What’s really eating the Queen’s fourth grandchild and sixth in line of succession to her throne?
The American ghostwriter JR Moehringer, who is writing the prince’s memoirs to be published next year, coinciding with the 25th anniversary of his mother’s death, is a student of Freud and Jung, the Chuckle Brothers of central European psychology, and so he is well qualified to explain why a free spirit who had it all has turned into an Angry Middle-Aged Man.
That is not a good look for a father of two young children who should be hugging himself with joy at having it all – a glamorous wife, fame, fortune, fatherhood, capped with the title, His Royal Highness.
As it is, he lives behind the gates of a £11million mansion in Santa Barbara with the choice of nine lavatories to sit on while contemplating how life has been so terrible to him; and then putting it all down in a book that’s bound to be a bestseller on both sides of the Atlantic.
It will not be the first score-settling book by a royal duke. The Duke of Windsor had two American writers from Life magazine to ghost his 1951 autobiography A King’s Story.
But that book tip-toed around the family feud ignited by his abdication in 1936. There was no raw bitterness in the text. The Duke reserved his hate-filled comments about his “smug, stinking” relations and cruel insults about his sister-in-law, later the Queen Mother, for his private letters to Mrs Wallis Simpson.
That duke waited 15 years to write his book. Prince Harry seems determined to get his revenge in first, including his wrath at the postponement of an HRH for his son Archie, until and if Archie’s grandfather Prince Charles ascends the throne.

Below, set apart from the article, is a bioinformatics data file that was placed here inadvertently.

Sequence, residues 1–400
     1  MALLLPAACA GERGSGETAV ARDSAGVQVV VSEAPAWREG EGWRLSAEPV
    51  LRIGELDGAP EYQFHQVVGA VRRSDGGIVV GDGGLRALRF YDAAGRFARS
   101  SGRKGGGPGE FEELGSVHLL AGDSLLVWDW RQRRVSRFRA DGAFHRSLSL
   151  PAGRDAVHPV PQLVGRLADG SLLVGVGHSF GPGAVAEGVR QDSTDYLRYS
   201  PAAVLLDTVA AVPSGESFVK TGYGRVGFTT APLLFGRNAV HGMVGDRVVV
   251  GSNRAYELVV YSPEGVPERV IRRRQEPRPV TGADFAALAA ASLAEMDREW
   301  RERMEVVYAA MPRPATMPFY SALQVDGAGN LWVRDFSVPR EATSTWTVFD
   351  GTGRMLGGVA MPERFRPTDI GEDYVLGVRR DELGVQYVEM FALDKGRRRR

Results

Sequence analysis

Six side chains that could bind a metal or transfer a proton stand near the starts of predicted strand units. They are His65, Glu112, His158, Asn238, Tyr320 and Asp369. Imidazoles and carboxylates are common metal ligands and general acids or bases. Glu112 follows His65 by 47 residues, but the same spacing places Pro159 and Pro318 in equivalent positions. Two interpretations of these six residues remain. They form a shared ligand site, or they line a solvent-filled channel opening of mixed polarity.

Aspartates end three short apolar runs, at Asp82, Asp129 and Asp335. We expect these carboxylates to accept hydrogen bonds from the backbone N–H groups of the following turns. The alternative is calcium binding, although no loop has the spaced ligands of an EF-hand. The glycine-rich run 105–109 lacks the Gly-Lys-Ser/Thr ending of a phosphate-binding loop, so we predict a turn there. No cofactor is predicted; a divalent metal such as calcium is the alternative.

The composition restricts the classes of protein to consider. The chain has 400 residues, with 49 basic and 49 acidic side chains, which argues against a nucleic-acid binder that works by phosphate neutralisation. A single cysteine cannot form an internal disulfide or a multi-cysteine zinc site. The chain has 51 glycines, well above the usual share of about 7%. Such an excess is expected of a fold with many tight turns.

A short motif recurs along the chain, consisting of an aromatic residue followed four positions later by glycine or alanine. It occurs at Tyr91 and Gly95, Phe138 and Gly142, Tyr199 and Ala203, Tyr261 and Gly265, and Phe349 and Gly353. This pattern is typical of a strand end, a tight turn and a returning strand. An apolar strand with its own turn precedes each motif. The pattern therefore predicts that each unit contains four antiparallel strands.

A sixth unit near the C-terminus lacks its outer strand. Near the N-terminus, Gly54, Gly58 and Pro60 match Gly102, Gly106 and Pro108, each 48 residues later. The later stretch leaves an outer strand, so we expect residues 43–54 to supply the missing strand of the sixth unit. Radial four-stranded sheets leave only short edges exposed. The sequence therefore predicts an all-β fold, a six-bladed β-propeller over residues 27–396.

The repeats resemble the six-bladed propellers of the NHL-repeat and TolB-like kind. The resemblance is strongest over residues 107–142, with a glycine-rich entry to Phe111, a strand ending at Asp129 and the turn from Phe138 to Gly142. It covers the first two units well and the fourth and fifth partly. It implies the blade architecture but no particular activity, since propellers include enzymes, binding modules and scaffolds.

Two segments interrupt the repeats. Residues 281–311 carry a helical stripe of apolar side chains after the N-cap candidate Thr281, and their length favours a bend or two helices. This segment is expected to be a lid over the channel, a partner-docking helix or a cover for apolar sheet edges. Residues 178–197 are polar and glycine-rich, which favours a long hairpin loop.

That will be just one of the charges laid at the door of Buckingham Palace by Harry in a book for which an advance of $20million (£14.5m) has reportedly been paid. For that price, the publisher Penguin Random House will expect sensation and scandal.
Prince Harry’s publishers say the proceeds from his book will go to charity, but whether that is before or after all the expenses have been deducted is not clear.
It helps that the Queen has seen it all before. And worse. When she was only 10, the abdication recast her destiny as the future queen.
A book by her grandson, even if it is no holds barred, will be a blip compared to 1936.
A week of uncomfortable headlines will not detract from the general celebration that will accompany the Platinum Jubilee next year.
Ordinary British people will put it all down to Meghan.
They’ve grown weary of what many perceive as the undignified whining of a man living under petticoat government, ready to fire bullets crafted by a wife made vengeful by the disdain with which she considers she was treated by her husband’s family.
Fortunately for the Queen and for us, her subjects, she was not burdened with an overactive imagination that sees danger in every shadow. As a committed Christian, she believes in redemption and the power of good.
Could she talk sense into Prince Harry? She would certainly listen. Harry is not quite ready to sever the ties that bind him to his royal family; why else would he and Meghan ask if their daughter Lilibet could be christened in St George’s Chapel, Windsor?
The Queen will not listen to voices telling her to “uninvite” Prince Harry and Meghan to the jubilee celebrations.
She believes in reconciliation.
After all, she achieved it with her uncle, the Duke of Windsor, shortly before he died in 1972, leaving both of them smiling and the Crown stronger.
Source: EXPRESS CO UK